When we found the cairn (well half dozen rocks) I am sure I heard Gina says to me in a not so friendly tone "Is this all you have dragged me up here for". But then we noticed the views of peaks with early coverings of early winter snowfalls all round; west towards the Corbetts at the top of Cona Glen on the other side of Loch Linnhe, South to the Mamores, North to the snow covered peaks of Locheil Forest and of course East to Ben Nevis seemingly permanently shrouded in cloud.
A great walk for us both.

Walk Description
1.) After giving up on wading across the knee deep ford near Loch Lundavra outfall we returned to the bridge to find an alternative crossing over Allt na Lairige Mòire.
It really is too deep and fast
with slippery stones to cross ford
across Loch Lundavra outfall .
2.) Heading along the east bank south for about 400m we gave up and decided to return back to the bridge and the point where we had been dropped off by the taxi one hour earlier. Although the stream became narrower, not only did it get faster but also deeper at the bottom of an ever deepening gorge.
We won't be crossing here to get to
Doire Bàn beyond
3.) From the bridge we started what was now the walk proper heading up the marked farm track past the animal barn following and ascending the hill contours round to the left.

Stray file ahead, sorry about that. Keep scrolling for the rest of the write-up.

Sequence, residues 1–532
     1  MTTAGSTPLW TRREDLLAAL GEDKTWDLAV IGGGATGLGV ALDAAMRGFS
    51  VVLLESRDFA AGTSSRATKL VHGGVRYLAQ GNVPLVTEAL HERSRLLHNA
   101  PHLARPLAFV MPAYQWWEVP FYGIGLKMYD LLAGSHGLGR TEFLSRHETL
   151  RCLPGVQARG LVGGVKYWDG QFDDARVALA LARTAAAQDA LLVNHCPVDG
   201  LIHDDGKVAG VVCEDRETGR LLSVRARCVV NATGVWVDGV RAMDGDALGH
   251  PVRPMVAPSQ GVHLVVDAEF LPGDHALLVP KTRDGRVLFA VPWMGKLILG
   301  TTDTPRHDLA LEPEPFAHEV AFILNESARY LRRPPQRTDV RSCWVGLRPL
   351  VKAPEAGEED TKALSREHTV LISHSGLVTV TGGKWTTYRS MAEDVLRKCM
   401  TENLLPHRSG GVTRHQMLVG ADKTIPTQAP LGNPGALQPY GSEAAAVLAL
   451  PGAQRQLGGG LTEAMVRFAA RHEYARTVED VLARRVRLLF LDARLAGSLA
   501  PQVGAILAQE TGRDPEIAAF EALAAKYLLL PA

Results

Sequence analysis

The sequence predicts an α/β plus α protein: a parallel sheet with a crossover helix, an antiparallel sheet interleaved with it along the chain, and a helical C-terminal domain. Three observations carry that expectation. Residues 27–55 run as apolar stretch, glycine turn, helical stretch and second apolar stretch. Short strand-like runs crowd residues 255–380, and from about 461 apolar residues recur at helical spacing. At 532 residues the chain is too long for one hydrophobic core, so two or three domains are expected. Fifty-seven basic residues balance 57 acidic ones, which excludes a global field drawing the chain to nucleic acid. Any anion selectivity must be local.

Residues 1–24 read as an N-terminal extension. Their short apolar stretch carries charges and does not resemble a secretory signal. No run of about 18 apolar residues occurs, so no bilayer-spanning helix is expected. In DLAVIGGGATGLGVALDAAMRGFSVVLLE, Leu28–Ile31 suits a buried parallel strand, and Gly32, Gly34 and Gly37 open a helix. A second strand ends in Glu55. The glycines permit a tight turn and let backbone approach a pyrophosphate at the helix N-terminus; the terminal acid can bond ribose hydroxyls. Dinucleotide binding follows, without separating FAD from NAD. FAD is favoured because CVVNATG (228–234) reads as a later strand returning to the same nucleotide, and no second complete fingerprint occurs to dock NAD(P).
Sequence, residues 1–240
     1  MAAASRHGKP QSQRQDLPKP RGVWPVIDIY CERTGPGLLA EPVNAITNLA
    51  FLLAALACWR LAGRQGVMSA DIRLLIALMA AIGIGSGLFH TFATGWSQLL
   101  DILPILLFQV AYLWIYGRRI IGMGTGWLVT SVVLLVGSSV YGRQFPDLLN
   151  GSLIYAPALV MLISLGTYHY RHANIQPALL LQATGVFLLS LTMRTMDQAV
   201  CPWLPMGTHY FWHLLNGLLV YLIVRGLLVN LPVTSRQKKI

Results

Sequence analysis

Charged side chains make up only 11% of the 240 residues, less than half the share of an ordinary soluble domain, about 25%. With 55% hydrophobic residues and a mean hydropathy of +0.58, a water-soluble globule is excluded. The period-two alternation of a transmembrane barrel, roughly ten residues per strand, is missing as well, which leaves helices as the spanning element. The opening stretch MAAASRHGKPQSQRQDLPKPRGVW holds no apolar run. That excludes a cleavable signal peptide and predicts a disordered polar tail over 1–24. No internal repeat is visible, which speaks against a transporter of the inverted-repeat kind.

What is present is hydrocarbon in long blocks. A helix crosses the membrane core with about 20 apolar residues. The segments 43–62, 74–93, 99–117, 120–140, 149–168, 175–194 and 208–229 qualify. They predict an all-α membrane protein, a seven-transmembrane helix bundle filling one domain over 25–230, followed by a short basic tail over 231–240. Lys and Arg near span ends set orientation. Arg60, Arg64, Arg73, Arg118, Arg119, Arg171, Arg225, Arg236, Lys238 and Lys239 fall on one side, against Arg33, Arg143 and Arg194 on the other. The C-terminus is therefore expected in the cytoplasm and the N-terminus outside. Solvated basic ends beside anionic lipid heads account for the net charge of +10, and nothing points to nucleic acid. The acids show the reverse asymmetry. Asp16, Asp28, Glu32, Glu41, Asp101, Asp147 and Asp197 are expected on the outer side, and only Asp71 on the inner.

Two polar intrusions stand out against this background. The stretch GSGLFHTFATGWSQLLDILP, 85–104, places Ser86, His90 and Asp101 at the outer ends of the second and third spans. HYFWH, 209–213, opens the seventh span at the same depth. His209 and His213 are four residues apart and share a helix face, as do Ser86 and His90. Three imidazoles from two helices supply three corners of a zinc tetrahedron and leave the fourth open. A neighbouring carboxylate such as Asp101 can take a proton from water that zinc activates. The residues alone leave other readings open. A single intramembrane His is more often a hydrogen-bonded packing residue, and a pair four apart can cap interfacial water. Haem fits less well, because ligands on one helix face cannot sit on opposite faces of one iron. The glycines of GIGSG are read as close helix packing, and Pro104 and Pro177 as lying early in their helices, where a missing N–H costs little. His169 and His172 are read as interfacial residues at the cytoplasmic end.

4.) Continue contouring round the hill to the left looking out for the fence, also on the left.
5.) Don't go any higher or for that matter lower just head straight for the fence in the least wet, most direct way you can find.
6.) As you approach the fence a gate should become visible which you should head for and go through rather than climbing over the fence.
7.) Look up the hill and head for the lone boulder, you may see a faint line of a track heading diagonally up to the left.
8.) From the boulder it is a choice just going for it and heading straight up the bank of heather or following tracks (sheep or otherwise) that take you vaguely in the right direction and of course up hill.
Ben Nevis still in cloud along with
indication of gradient we are climbing
9.) We were lucky enough to come across a collapsed peak bank near Sròn Gharbh, which made an excellent seat to stop and have lunch.
Handy seat for hot drink and
snacks - lunch. Just below Sròn Gharbh